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  1. DSM-5 Gambling Disorder From the Diagnostic and Statistical Manual of Mental Disorders, 5th Edition (section 312.31)

  2. Statistics in California • Research indicates that approximately 83% of adults (21 and over) in California have gambled at some time in their lives. • For most, gambling is entertainment – but for some, it can become a problem. • Roughly 3.7% of adults are problem or pathological gamblers. • Using data from the 2010 census, this means that about 1,000,000 Californians have a gambling problem! • See more at:

  3. Substance-Related Disorders and Other Addictions • Gambling Disorder -- DSM-5 Diagnostic Criteria: • A. Persistent and recurrent problematic gambling behavior leading to clinically significant impairment or distress, as indicated by the individual exhibiting four (or more) of the following in a 12-month period:

  4. Needs to gamble with increasing amounts of money in order to achieve the desired excitement. • Is restless or irritable when attempting to cut down or stop gambling. • Has made repeated unsuccessful efforts to control, cut back, or stop gambling. • Is often preoccupied with gambling (e.g., having persistent thoughts of reliving past gambling experiences, handicapping or planning the next venture, thinking of ways to get money with which to gamble). • Often gambles when feeling distressed (e.g., helpless, guilty, anxious, depressed). After losing money gambling, often returns another day to get even (“chasing” one’s losses). • Lies to conceal the extent of involvement with gambling. • Has jeopardized or lost a significant relationship, job, or educational or career opportunity because of gambling. • Relies on others to provide money to relieve desperate financial situations caused by gambling. B. The gambling behavior is not better explained by a manic episode.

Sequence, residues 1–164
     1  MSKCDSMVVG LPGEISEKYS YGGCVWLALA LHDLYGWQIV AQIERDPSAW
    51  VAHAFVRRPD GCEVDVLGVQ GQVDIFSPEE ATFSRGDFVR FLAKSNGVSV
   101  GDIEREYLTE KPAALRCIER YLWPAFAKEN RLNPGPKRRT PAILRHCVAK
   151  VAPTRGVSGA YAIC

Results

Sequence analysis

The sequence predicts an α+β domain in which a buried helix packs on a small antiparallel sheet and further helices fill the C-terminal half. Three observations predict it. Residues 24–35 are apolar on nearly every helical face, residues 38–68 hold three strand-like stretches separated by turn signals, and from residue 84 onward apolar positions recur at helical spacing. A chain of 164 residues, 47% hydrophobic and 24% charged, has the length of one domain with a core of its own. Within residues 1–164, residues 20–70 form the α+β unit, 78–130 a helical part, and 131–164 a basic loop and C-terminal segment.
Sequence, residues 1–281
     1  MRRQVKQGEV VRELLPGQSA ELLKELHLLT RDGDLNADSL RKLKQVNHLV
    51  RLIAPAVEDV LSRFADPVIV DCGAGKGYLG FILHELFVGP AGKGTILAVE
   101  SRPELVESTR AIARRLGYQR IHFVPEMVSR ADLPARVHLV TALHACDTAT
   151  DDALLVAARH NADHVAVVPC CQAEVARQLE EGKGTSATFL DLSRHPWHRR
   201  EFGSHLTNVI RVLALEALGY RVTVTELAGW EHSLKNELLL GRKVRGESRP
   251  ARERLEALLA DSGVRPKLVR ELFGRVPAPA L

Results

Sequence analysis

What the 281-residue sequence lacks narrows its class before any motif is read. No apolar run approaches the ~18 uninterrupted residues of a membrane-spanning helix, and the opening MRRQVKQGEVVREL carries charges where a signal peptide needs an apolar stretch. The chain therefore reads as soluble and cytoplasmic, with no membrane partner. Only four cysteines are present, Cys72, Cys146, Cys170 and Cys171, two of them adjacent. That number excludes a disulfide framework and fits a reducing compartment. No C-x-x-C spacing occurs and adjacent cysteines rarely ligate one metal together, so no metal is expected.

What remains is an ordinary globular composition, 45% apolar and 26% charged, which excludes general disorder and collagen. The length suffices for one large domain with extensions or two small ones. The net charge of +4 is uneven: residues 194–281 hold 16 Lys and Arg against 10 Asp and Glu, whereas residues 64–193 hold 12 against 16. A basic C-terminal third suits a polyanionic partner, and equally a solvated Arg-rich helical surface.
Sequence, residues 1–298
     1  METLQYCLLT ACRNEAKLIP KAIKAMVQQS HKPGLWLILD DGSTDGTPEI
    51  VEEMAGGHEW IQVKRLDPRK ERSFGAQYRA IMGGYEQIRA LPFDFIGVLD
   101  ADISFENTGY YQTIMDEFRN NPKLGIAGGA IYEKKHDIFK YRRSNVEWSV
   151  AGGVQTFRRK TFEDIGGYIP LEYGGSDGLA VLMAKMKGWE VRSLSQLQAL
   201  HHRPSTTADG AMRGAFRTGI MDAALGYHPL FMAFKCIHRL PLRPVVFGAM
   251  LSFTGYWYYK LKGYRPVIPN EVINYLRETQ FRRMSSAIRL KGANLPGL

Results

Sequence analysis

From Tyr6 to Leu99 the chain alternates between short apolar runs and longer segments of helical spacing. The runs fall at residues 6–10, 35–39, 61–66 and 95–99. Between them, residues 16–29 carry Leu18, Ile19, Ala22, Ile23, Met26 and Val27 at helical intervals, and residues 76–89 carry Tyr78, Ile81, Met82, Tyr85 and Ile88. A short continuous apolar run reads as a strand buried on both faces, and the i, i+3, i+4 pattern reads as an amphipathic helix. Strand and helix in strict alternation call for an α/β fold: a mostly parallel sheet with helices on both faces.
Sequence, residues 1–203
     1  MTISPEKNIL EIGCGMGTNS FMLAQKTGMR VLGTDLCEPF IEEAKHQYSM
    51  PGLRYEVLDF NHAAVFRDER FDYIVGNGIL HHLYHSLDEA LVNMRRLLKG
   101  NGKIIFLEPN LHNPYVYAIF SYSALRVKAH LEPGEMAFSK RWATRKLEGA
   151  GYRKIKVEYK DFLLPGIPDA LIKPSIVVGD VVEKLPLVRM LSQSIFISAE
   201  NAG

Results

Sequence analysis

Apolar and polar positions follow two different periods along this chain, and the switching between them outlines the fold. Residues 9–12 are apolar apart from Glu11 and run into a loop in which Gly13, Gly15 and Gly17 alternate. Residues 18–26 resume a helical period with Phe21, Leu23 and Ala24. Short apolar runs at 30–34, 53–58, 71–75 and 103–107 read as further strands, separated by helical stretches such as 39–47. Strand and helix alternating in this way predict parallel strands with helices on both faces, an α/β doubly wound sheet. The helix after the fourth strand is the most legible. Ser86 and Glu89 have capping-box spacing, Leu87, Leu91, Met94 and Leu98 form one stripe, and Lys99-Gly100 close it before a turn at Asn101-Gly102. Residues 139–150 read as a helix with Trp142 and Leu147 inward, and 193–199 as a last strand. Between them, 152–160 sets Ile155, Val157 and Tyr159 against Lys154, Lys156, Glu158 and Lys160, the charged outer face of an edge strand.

5. Specifiers for Severity • Specify current severity: • Mild: 4–5 criteria met • Moderate: 6–7 criteria met • Severe: 8–9 criteria met

  6. Other Specifiers • Specify if:Episodic: Meeting diagnostic criteria at more than one time point, with symptoms subsiding between periods of gambling disorder for at least several months. Persistent: Experiencing continuous symptoms, to meet diagnostic criteria for multiple years. • Specify if:In early remission: After full criteria for gambling disorder were previously met, none of the criteria for gambling disorder have been met for at least 3 months but for less than 12 months. In sustained remission: After full criteria for gambling disorder were previously met, none of the criteria for gambling disorder have been met during a period of 12 months or longer.

  7. Resources • California Department of Public Health: Office of Problem Gambling • California Council on Problem Gambling